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Amelia January 1, 2024 - 6:05 pm

Aaaaaaaah. I didn’t read the.directions carefully. I added the sugar and the vinegar to the peppers before fermenting. Will it still work?? How do I save it? The ingredients were too expensive to go to waste. Help!!!!!

Reply
Kaitlynn Fenley January 4, 2024 - 9:12 am

I’m unsure what will happen, or if you can fix it because I’ve never made this mistake to test it.

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Heather P January 7, 2024 - 1:35 pm

Oh it tastes amazing? But how can I make or is this recipe shelf stable??






Reply
Kaitlynn Fenley January 8, 2024 - 8:30 am

I’m not sure, I don’t dabble in shelf stable canning or bottling. I’m glad you enjoy the flavor though!

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Melinda February 19, 2024 - 12:52 pm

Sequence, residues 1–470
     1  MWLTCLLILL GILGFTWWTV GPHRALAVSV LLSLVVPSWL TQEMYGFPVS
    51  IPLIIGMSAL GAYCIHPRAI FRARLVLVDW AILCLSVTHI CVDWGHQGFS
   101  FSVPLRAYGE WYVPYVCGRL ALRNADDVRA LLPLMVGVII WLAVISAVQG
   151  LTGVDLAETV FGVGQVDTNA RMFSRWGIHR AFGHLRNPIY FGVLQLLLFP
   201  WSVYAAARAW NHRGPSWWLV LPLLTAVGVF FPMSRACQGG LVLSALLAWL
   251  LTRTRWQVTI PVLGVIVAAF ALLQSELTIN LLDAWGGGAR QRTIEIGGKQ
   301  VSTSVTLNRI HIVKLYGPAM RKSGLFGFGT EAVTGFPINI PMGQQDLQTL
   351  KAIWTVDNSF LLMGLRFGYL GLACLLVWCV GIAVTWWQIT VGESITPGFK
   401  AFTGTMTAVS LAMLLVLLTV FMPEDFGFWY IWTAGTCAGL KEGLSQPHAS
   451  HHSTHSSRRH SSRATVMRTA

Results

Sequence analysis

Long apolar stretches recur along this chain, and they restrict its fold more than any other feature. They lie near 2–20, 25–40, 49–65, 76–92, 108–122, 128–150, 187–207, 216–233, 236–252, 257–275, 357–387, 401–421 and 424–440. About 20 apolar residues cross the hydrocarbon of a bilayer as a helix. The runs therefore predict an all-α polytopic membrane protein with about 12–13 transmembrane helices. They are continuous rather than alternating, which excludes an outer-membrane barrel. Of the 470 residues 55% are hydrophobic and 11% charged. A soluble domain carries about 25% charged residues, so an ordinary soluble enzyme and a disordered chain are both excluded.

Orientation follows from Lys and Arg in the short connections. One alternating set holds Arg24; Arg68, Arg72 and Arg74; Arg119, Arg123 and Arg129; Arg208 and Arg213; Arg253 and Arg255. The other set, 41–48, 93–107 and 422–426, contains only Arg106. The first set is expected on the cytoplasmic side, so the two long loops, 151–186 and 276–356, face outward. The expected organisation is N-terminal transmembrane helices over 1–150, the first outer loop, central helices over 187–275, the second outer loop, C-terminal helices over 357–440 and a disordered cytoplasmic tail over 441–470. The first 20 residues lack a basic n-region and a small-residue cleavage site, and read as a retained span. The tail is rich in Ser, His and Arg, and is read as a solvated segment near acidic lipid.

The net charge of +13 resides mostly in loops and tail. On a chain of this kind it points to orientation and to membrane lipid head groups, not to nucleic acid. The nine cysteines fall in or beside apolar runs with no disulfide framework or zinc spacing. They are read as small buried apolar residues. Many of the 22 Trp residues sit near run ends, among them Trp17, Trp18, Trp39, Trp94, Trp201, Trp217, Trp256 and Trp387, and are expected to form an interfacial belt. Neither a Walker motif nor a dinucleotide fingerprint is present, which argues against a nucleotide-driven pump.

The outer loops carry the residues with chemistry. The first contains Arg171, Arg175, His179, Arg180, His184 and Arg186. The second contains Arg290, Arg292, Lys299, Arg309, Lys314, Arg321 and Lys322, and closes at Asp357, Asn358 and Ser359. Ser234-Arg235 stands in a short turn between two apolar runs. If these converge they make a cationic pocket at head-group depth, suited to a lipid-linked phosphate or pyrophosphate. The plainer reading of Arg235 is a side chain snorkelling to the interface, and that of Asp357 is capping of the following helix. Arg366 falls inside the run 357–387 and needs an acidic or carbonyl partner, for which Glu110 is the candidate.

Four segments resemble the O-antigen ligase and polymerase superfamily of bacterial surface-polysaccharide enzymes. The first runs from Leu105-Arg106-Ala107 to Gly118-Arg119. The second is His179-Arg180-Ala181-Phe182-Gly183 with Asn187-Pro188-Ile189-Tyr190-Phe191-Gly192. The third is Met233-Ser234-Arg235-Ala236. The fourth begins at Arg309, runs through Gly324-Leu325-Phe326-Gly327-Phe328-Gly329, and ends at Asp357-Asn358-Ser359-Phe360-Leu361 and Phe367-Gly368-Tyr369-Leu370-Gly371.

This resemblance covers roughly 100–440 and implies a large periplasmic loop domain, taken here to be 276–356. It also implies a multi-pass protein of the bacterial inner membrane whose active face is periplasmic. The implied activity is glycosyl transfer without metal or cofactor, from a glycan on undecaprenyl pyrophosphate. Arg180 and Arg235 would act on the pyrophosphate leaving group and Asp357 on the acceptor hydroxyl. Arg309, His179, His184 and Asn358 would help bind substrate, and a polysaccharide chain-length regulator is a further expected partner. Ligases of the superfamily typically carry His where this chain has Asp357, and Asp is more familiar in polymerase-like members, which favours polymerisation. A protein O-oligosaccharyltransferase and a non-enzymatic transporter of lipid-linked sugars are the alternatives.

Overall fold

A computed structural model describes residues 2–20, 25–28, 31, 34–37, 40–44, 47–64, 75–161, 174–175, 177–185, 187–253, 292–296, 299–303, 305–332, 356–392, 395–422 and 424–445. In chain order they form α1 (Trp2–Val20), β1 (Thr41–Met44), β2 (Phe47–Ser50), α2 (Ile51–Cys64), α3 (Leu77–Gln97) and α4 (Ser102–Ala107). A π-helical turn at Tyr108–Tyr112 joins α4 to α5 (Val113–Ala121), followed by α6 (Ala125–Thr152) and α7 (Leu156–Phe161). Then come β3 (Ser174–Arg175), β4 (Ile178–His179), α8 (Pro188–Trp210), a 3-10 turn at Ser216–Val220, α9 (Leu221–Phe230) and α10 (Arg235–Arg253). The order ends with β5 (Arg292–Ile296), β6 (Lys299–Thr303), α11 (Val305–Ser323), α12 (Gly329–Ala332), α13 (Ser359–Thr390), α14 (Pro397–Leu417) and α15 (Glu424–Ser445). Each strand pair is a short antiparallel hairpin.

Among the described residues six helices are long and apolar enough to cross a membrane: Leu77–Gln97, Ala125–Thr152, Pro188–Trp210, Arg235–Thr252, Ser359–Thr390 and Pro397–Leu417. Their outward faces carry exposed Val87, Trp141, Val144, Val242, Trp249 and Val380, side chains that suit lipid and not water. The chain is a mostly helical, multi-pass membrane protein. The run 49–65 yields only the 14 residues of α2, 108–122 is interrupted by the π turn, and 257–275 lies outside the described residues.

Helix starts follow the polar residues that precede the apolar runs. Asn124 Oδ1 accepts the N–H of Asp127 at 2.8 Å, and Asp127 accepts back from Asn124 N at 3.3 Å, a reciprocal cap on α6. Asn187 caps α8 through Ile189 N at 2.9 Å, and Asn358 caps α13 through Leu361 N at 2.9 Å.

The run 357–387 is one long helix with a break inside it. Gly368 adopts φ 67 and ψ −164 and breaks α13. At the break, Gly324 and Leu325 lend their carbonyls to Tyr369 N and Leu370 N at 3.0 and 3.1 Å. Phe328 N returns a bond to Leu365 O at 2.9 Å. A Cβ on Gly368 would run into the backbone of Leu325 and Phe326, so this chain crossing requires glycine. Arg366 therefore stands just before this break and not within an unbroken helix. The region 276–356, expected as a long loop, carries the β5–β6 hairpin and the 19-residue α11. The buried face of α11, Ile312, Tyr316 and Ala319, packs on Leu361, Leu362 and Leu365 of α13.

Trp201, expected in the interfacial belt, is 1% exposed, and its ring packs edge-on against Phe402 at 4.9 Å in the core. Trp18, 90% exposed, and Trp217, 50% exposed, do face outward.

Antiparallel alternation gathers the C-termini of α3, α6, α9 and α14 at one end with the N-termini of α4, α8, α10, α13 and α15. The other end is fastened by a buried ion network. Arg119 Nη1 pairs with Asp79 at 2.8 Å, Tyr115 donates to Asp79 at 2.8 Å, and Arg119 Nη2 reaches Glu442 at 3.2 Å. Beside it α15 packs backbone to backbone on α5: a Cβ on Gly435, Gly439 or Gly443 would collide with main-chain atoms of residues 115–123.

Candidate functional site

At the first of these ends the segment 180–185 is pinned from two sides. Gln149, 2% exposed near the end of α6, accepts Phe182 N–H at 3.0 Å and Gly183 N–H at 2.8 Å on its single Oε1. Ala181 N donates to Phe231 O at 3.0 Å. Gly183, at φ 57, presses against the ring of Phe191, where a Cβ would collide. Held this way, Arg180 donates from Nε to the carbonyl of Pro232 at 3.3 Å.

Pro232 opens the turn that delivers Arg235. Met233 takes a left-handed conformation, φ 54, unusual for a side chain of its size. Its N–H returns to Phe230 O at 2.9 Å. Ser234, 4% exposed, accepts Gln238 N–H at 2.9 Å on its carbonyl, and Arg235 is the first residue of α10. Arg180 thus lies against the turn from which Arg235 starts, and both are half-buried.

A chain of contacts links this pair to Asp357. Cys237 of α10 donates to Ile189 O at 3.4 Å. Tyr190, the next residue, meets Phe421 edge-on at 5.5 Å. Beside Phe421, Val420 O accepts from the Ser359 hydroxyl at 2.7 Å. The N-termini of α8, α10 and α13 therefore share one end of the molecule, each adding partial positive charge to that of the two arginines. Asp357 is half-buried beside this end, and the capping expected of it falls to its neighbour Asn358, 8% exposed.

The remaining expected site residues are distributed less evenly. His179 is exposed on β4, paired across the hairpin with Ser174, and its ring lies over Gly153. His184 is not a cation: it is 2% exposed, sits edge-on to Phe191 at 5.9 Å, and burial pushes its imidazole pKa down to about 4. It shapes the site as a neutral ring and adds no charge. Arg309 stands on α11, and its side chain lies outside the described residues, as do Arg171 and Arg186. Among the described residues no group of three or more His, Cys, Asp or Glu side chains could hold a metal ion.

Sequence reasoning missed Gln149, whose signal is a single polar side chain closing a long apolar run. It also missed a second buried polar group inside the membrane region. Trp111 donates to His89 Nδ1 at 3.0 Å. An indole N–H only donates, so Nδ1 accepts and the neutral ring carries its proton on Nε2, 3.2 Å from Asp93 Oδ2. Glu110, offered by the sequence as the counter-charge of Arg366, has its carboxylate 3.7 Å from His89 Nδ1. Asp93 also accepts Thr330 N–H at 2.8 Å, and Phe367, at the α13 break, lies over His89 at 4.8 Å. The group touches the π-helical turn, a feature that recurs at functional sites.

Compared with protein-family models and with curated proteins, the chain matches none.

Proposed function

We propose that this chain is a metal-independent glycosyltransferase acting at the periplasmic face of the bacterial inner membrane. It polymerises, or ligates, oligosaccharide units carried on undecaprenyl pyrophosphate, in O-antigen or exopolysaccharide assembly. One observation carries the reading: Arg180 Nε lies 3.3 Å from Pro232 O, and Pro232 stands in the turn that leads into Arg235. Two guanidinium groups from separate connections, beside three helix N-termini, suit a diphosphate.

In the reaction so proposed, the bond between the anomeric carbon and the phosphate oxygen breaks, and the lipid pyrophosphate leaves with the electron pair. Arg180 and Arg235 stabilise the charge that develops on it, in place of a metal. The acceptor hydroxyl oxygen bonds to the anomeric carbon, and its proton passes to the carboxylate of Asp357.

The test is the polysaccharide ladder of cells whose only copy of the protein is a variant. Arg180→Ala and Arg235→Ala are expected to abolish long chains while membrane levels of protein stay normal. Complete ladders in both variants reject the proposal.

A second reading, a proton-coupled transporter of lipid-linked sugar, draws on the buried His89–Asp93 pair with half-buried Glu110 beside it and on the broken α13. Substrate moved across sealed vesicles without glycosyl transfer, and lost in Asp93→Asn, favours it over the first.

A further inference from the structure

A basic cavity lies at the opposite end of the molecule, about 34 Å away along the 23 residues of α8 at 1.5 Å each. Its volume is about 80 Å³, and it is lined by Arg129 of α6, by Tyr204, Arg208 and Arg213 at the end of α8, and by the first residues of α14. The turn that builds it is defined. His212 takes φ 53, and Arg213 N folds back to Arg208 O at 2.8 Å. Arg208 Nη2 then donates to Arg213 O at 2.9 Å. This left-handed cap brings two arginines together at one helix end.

I made the a few months ago and I back to make more as my bottle is all gone! It was that good! I love a good hot sauce but I hate when all it brings is heat and no flavor. This sriracha brings both beautifully! I got so many compliments on it! Thank you for sharing the recipe with us!






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Brianna March 23, 2024 - 3:26 pm

Hi! I am currently doing this recipe and am on week 3, but during the burping process I seemed to have lost SO much brine. I have about an inch of liquid in my jar, is that normal or did I do something wrong? It seems like there is a weird white film now throughout as well, thinking it’s from the lack of liquid? I also weighed everything correctly to the gram, and used a 32 ounce mason jar and tampered everything down and also lost brine when I put the weight in and had to remove peppers because it was just too full. I feel like I did something wrong but I followed all the instructions to a T. Any advice?